Drowsy driving in New Jersey: It is a problem

You've been victimized by a negligent driver in New Jersey, and now you have a question. If he wasn't drunk, didn't spend time looking at his phone and wasn't speeding, can you hold him accountable for his negligence? If he was sleep deprived, the answer is probably yes.

Drowsy driving is a term that describes when a person is tired and behind the wheel. In the latest report about drowsy driving from the U.S. Department of Transportation, it was shown that drowsy driving was involved in between 2.2 and 2.6 percent of total fatal crashes annually across the country. While the number of fatalities drops over the course of the research period between 2005 and 2009, the safety report was able to show that drowsy driving did remain consistently involved in crashes.

What do you do after a crash in New Jersey?

When you're in an accident in New Jersey, your first thought isn't going to be to ask for the other driver's information or even to worry about your car. You'll likely think about whether or not your passengers are okay and if you or the other driver have injuries to attend to. In some cases, you may not even be awake thanks to the impact.

Despite your condition, there are several things that need to happen following an accident. If injuries or damage of $500 or more has occurred, the accident needs to be reported. In most cases, simply calling the police or for an ambulance will help make sure everything is reported as necessary.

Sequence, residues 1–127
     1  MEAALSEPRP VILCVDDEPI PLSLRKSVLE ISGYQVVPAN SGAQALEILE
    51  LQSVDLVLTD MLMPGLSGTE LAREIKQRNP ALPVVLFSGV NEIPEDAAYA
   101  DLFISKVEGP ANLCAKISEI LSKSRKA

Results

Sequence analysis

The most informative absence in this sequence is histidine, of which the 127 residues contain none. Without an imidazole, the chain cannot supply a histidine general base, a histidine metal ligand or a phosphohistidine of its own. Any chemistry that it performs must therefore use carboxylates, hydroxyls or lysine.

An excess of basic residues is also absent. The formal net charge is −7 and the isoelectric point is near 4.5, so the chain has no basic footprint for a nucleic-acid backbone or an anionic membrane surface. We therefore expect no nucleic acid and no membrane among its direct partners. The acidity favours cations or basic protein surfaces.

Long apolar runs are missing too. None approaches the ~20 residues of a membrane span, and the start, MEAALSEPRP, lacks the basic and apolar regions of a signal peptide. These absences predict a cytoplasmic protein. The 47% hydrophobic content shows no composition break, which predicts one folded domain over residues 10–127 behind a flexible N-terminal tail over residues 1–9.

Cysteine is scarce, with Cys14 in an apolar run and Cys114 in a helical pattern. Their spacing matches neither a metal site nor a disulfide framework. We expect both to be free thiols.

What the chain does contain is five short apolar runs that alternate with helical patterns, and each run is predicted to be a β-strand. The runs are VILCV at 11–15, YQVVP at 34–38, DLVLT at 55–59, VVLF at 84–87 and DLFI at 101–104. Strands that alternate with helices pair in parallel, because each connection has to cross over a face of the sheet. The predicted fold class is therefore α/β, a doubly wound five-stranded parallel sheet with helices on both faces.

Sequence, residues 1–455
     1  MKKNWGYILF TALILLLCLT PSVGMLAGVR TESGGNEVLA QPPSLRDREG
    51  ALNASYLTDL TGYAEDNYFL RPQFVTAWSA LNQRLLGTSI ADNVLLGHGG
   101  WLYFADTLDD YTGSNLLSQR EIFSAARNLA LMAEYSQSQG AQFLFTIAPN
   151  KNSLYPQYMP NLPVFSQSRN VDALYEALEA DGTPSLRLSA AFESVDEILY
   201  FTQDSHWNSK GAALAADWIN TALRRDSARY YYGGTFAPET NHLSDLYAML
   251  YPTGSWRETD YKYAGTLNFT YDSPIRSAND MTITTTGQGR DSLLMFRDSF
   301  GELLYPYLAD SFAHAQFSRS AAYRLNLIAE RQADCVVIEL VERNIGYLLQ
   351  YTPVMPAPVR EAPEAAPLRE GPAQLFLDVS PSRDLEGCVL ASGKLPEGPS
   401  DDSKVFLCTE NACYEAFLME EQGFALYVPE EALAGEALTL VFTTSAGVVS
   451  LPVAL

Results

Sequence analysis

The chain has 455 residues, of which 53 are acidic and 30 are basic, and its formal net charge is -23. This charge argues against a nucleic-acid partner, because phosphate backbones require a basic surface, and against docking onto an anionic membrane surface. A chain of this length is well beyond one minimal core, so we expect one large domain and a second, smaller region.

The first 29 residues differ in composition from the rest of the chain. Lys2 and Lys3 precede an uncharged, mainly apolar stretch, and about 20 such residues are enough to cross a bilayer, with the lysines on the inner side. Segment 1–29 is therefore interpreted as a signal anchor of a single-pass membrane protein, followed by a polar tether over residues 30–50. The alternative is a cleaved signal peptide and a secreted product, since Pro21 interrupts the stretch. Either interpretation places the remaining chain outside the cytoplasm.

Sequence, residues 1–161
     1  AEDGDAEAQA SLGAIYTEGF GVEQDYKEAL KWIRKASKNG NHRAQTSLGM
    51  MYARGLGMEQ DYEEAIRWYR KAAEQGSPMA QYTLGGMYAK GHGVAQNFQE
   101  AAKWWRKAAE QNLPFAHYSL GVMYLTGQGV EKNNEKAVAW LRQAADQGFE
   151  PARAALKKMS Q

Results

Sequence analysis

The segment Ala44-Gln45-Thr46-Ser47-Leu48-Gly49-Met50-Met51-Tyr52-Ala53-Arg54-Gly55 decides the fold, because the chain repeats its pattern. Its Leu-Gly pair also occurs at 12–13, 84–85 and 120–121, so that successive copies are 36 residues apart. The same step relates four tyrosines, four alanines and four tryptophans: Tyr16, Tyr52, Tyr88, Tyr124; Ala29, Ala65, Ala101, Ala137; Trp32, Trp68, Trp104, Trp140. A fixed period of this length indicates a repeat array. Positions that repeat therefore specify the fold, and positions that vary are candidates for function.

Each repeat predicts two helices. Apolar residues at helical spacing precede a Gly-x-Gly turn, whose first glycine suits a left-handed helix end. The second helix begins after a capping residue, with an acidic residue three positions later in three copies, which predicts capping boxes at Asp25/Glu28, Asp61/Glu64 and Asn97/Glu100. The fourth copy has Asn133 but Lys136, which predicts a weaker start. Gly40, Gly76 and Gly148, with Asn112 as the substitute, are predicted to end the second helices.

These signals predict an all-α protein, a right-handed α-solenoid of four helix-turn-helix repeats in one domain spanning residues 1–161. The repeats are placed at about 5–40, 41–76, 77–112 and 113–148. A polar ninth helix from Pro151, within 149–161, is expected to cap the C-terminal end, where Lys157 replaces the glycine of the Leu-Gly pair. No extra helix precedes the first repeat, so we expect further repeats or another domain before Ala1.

Pedestrian accidents high in 2014 in New Jersey

In New Jersey, 2014 was a year of growing issues related to pedestrian injuries and deaths. The New Jersey State Police have reported a dramatic increase in the number of pedestrian fatalities since 2013, which has been called, "alarming."

In New Jersey, 563 deaths took place on the roads. Of those, 170 were pedestrian deaths. That total was a jump of over 25 percent from 2013. Of those who died, over 50 percent of them were over 50 years old. Only seven were under 17.

Get compensation after a motorcycle accident in New Jersey

Getting into a motorcycle accident can leave you scarred and disabled. Things like broken bones, road rash and serious head injuries are common. This accident could leave you in a position where you need ongoing medical treatment, time off work or other assistance just to live a normal life.

As a rider who has been struck by someone, you've probably heard it all; you didn't stay in your own lane, drivers can't see you because your vehicle is slim or even that you knew the risks of being on the road with other vehicles. Those assertions are unfair and as a driver, you are owed the same legal rights as anyone else on the roadways.

2 injured in tractor-trailer crash in New Jersey

If you've been keeping an eye on the news in New Jersey, you may have heard about this accident that resulted in two people being injured. A tractor-trailer was recently involved in a crash on Jan. 20 after it collided with a car on Route 287 southbound. The report, covered with the help of a State Police spokesman, stated that the truck tipped over following the impact, eventually rolling down an embankment.

The crash took place at approximately 4 p.m. According to police, the tractor-trailer had been changing lanes when it struck a 2008 Nissan Altima. The tractor-trailer was traveling in the left lane and was switching the center lane when it struck the Altima, which was already in the center lane. The impact forced the semi off the road and into a guardrail. From there, it tipped over and rolled down an embankment where it eventually struck a tree and stopped.